- Wednesday | 19 Feb, 2014
- Abid Qaiyum Suleri
Abid Qaiyum Suleri
Danish Nobel Laureate in Physics Niels Bohr once said, ‘Prediction is very difficult, especially about the future.’ Fortunately, he did not say the same thing about hopes and dreams even when these two have the same relationship with the future as predictions – all are premised on factors found or missing in the past and the present. Any talk about the future of sustainable development in South Asia, in the same vein, has to be a combination of predictions, with apologies to Mr. Bohr, as well as of hopes and dreams. And like all predictions, futuristic hopes and dreams are based upon factors which we already see around us. These factors are divided here into ‘mega trends’ and ‘game changers’. While the former are phenomena which are visible and verifiably present in all countries in South Asia, the latter are essentially natural or human-made circumstances which may determine whether the mega trends lead to positive change in the region or they produce negative outcomes to the benefit of no one and to the loss of everyone.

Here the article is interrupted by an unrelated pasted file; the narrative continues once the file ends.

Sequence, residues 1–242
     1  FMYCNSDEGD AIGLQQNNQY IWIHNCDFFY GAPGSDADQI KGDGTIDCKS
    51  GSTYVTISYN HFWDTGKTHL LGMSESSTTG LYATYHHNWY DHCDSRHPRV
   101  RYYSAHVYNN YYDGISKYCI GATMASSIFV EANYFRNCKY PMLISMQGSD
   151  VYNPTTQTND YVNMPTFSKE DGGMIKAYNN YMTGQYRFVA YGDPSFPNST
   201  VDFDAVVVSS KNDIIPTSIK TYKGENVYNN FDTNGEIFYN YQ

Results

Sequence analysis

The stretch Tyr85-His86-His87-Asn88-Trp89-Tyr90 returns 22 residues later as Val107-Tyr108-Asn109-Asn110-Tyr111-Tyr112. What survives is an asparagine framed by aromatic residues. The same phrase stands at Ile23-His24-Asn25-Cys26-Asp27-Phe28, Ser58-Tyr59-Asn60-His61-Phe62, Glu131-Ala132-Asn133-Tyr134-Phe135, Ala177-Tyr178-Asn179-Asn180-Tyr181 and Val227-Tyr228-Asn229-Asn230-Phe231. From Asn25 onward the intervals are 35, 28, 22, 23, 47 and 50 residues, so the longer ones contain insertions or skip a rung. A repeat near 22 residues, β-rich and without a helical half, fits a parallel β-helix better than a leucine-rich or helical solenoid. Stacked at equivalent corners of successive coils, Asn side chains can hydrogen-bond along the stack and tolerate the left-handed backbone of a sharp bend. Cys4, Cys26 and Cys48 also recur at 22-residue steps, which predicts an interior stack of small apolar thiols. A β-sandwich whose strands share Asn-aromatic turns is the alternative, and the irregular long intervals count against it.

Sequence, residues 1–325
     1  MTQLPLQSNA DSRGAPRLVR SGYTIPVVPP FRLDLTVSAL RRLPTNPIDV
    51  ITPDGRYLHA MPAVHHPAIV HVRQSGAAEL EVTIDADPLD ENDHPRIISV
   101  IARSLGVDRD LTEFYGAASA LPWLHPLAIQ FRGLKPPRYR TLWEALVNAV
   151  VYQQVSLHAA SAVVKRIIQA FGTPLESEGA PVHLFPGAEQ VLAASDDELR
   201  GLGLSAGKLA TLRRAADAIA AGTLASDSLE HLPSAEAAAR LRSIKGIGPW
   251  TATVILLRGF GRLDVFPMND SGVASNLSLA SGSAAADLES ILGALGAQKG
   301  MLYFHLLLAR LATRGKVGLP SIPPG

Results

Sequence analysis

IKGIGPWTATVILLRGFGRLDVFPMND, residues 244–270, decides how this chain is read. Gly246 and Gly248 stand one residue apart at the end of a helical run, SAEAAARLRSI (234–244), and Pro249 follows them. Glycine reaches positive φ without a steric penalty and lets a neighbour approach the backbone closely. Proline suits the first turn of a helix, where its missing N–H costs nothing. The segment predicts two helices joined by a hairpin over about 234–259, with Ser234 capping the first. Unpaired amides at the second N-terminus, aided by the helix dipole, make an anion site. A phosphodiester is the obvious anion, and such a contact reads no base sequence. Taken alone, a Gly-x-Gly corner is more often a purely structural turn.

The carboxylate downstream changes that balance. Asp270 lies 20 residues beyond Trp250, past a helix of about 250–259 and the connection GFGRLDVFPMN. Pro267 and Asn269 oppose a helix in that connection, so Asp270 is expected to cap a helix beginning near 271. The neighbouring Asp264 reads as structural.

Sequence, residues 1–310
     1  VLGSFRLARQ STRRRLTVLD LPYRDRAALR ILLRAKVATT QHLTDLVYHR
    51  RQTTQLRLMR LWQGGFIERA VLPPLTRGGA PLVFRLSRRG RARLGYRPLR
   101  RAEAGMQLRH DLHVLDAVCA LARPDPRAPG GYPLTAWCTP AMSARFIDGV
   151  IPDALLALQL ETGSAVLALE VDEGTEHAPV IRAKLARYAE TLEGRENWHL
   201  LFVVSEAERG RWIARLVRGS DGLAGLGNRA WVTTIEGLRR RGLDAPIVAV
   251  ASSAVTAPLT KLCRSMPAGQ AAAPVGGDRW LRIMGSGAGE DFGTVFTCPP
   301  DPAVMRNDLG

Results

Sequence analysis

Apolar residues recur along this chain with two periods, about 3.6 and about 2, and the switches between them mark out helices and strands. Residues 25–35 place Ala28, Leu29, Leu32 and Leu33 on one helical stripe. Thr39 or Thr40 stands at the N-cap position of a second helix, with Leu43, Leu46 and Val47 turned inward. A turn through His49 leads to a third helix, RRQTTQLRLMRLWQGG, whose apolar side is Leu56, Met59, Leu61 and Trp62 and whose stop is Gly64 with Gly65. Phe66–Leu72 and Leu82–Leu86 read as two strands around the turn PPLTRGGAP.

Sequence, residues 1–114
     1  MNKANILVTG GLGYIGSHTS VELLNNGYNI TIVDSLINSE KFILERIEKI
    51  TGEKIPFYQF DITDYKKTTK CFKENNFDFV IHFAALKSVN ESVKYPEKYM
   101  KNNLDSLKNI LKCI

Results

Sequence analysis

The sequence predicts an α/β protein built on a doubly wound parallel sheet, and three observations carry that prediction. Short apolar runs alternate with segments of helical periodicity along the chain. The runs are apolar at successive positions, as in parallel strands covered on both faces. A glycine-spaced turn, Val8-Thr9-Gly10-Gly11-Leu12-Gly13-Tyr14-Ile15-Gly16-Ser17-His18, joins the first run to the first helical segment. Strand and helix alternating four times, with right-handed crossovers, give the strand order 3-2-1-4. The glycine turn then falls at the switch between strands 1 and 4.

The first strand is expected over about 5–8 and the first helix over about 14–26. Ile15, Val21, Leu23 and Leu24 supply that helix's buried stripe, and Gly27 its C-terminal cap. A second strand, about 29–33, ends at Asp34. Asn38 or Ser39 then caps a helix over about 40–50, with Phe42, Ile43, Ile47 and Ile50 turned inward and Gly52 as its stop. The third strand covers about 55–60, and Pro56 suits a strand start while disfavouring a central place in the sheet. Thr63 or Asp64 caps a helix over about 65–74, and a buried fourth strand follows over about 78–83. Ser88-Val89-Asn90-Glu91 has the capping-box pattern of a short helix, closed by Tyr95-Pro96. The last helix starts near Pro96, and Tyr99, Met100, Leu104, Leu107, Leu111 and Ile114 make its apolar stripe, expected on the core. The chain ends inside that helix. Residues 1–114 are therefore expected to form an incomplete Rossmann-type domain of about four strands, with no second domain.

The world in a few years would be radically transformed and no country-whether United States (US) or China would have hegemonic power. The empowerment of individuals and diffusion of power among states and from states to other actors within states would have dramatic impact on the discourse of power in the world, largely diverting power corridors from the West to the Asian region (USNIC 2012).